Wednesday, January 22nd

For Wednesday’s class:

  • I hope you all have a great long weekend!
  • We will have a proof quiz in class.  I will allocate 15 minutes at the end of class, and the proof will be of the style of the following exercises from the book:  Chapter 4, Exercises 1-11.  Here is my grading rubric.
  • Office hours have now been set, and they are:  Tuesday 1-2 pm and Wednesday 11am-noon.  If these don’t work for you, just drop me an email and we’ll find a time.
  • Reading:   Finish reading Section 4.3.
  • Please take note of 3-6 places during your reading where you read actively, and explain what you did (a sentence suffices).
  • Please use the rest of your hour to prepare for the quiz and work on problems.

Friday, January 17th

To do for Friday’s class:

  • Catch up on the last daily post if you missed the first day.
  • Read the book’s section on Direct Proof (Section 4.3), up to the end of where they explain the proof that “if x is odd then x^2 is odd”.  That is, pages 118-120 in the newest edition.
  • Following the guidelines and examples from the last lecture (the handout can be found, as always, under Lectures), and from your reading, write a proof of the statement “The sum of two even integers is even.”
  • Read the book’s Section 4.2 on Definitions.
  • As time permits, do exercises from Chapter 4.  I suggest exercises 2-5.
  • Note:  Proof Quizzes will occur on Mondays and Badges Quizzes on Fridays, starting the second week.  That means Monday you’ll have a quiz writing this type of proof.

Wednesday, January 15th

For our Wednesday class, please do the following (the list looks long but many tasks are quick):

  1. Read all of the pages listed in the top bar of this website:  about, goals, lectures, resources, syllabus, grading, fun.  This is all the info about how the course will run.  I expect you to know it without covering it all explicitly in class.  Pro tip:  after each lecture, any handouts will appear under “Lectures”.
  2. Understand that this course is unusual in that:
    • It is run very interactively, with lots of active learning.  I expect you to create a supportive environment in all your interactions.
    • I expect you to check this website and do work for the course between every lecture.  I will post announcements and tasks etc. by 5 pm after each lecture and I expect that you are aware of these.  Set aside one hour between every lecture for this; if the tasks are running longer than that, finish them at a convenient time for you.
    • We will use a non-standard grading system.
  3. If you have any ADA Accommodations, or other concerns about the above, please talk to me as soon as possible.
  4. Please make sure you have a copy of the text.  It is available for free in PDF form (linked also on the left nav bar) or cheaply in paper form at the bookstore.
  5. Please plan to attend class faithfully unless you are contagious or ill etc (see my note about flu on the About page).  If you are waitlisted, a spotless attendance record will give you priority as room opens up (and those who do not attend will be administratively dropped).  About waitlists:  I am not allowed to enroll over the fire limit of the room.  Although in past everyone who faithfully attended was able to take the class, I cannot promise.  I will take attendance for the first several weeks.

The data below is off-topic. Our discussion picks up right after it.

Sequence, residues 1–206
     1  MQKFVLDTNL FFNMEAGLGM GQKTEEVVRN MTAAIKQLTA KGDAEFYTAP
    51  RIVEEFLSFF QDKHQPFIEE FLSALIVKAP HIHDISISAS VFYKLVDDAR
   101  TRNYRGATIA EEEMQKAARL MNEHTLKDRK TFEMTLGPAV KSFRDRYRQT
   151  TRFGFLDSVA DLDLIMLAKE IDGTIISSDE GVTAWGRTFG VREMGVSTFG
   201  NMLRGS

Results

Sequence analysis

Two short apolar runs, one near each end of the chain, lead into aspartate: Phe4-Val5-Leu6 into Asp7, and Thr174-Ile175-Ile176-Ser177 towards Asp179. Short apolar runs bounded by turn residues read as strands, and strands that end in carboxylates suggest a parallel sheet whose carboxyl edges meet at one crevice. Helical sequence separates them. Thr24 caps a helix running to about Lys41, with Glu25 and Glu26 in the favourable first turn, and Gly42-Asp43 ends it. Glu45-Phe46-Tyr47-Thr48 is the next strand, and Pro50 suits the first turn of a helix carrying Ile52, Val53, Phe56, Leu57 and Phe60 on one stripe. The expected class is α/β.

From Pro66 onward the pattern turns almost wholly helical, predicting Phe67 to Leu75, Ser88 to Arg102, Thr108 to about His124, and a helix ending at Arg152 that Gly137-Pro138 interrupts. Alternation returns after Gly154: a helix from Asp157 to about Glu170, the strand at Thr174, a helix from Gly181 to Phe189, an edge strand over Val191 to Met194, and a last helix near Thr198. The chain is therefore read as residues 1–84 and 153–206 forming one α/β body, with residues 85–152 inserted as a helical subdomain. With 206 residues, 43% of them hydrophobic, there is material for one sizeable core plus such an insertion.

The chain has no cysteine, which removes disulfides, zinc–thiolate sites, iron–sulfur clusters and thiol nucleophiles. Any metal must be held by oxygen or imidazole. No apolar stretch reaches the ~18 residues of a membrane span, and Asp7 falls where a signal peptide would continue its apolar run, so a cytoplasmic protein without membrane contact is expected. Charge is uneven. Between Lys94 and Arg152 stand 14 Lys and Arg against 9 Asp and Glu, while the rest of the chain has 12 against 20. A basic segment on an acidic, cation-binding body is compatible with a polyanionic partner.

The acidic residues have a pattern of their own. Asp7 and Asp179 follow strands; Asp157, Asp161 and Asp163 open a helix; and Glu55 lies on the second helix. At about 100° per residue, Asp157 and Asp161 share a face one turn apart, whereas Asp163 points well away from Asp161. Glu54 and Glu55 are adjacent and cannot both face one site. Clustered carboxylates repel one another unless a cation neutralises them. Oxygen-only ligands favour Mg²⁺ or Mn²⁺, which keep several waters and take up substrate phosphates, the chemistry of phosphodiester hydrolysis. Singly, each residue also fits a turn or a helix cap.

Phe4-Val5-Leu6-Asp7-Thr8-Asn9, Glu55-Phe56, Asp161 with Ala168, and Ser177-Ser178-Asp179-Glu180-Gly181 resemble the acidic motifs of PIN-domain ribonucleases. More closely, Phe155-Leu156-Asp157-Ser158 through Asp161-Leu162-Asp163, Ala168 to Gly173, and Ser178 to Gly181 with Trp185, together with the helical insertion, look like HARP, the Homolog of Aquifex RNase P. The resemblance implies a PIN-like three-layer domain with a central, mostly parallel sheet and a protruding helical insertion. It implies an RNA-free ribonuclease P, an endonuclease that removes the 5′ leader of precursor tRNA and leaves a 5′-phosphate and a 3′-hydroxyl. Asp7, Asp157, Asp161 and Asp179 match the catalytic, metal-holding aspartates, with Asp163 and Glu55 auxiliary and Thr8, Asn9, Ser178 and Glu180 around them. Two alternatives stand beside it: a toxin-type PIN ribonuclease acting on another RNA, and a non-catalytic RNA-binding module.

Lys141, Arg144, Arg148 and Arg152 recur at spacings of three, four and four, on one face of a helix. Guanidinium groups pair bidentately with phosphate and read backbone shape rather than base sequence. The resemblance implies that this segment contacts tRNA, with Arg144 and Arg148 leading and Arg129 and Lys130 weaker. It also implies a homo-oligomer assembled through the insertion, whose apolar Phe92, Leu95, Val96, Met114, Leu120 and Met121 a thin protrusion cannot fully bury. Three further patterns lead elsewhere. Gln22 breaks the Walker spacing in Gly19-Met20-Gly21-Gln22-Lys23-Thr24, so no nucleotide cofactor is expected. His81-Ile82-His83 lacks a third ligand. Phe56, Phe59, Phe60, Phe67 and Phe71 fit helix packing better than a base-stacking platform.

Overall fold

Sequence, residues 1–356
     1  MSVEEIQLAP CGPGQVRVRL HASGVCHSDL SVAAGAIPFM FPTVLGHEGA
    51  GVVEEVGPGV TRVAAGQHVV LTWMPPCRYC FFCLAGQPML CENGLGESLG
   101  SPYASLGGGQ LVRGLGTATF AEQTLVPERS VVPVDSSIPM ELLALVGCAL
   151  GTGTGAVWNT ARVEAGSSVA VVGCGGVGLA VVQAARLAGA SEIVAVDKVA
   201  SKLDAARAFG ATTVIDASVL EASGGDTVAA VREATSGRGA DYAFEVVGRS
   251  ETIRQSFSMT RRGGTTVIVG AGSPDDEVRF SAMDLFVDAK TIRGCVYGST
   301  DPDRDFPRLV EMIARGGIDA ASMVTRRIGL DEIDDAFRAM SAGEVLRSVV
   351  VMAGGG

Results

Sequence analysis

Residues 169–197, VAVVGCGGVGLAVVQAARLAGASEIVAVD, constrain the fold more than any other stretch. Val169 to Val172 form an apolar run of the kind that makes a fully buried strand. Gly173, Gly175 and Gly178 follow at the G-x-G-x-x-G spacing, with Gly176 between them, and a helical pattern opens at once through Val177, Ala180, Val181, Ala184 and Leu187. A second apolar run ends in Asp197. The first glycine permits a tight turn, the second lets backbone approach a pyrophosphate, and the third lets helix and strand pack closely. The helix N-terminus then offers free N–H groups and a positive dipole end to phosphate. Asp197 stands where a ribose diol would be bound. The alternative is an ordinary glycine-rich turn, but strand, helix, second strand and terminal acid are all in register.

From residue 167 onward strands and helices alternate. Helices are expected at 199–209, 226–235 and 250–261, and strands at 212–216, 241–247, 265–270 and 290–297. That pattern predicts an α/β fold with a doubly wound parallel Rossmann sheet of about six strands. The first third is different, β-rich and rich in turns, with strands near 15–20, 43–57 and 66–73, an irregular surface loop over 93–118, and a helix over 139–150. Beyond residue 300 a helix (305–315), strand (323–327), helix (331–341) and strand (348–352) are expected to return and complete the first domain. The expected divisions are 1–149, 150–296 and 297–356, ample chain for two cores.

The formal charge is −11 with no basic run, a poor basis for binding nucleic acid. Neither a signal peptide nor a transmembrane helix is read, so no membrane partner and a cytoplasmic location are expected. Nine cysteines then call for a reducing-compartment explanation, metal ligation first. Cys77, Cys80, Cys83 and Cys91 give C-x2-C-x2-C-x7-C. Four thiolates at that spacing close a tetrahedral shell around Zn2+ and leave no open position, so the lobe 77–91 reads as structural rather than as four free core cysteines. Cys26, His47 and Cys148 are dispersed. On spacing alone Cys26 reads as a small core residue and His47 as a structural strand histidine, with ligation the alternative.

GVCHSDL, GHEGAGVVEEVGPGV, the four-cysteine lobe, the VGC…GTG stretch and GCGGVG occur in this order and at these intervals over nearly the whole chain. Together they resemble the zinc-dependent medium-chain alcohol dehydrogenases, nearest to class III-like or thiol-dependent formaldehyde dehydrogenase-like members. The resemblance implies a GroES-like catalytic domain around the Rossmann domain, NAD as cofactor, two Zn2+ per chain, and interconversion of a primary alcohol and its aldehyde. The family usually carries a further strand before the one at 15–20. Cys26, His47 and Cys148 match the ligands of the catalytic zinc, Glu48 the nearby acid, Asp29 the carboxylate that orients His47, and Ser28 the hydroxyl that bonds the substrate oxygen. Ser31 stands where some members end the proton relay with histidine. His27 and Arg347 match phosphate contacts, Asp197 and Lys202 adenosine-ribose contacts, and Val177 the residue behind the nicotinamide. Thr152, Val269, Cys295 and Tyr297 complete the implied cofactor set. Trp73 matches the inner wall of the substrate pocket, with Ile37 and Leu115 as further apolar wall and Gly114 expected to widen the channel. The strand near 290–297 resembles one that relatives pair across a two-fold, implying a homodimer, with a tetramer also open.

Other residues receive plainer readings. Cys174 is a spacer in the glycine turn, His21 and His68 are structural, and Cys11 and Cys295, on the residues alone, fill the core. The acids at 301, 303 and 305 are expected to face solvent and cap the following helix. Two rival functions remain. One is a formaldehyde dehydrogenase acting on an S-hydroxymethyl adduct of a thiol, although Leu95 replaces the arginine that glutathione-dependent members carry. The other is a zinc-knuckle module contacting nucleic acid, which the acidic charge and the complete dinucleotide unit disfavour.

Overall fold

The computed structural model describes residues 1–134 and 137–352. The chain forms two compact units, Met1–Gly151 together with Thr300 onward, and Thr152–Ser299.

6. Please read Chapter 4, intro and Section 4.1, two pages of the textbook, Hammack.  Read also the first half-page of section 2.3, which describes conditional statements.
  7. In that first example of section 2.3, the theorem is “If a is a multiple of 6, then a is divisible by 2.”  Do the following (write your work down, as always):
    1. What is the hypothesis? (the if part, i.e. the P of “if P then Q”)
    2. What is the conclusion? (the then part, i.e. the Q of “if P then Q”)
    3. Give an example satisfying the hypothesis and satisfying the conclusion, if possible (hint: in this case, that means giving a number a satisfying certain properties).  If not possible, explain why.
    4. Give an example which fails the hypothesis and fails the conclusion, if possible.  If not possible, explain why.
    5. Give an example which fails the hypothesis but satisfies the conclusion, if possible.  If not possible, explain why.
    6. Give an example which satisfies the hypothesis but fails the conclusion, if possible.  If not possible, explain why.
  8. As a way of engaging with this reading material, please find an “if P then Q” type theorem of your choosing.  Tip: try  Choose one that you find interesting and understand the statement of.  Do not choose from your textbook, and don’t choose something high falutin’ with words you don’t understand.  The goal is to be able to understand exactly what the theorem is claiming.
  9. Using the theorem you found, repeat the steps of part 7 above.
  10. Bring your work to class.  A reminder: I will spot check these tasks for completeness and/or use them in class, but will not generally collect and grade.  Make your best effort, but if you can’t complete a task, show me your attempts.
  11. I have an intermittent blog aimed at math majors.  (It is now linked under Resources tab also).  If time remains, please read the first post.  You may also optionally be interested in a lecture about the Importance of Mathematics by Timothy Gowers.  You can put these tasks off to later if you’re out of time before Wednesday, but come back to the blog post eventually.
  12. Relax and get settled into your semester.

Welcome to Math 2001

Welcome to Math 2001, Section  5, Spring 2020.

I look forward to meeting you all in person, and having a productive and fun semester exploring mathematics.  Meanwhile, please look around the website.

Between each lecture this website will have a post describing your tasks before the next lecture.  I will post this after class MWF by 5 pm.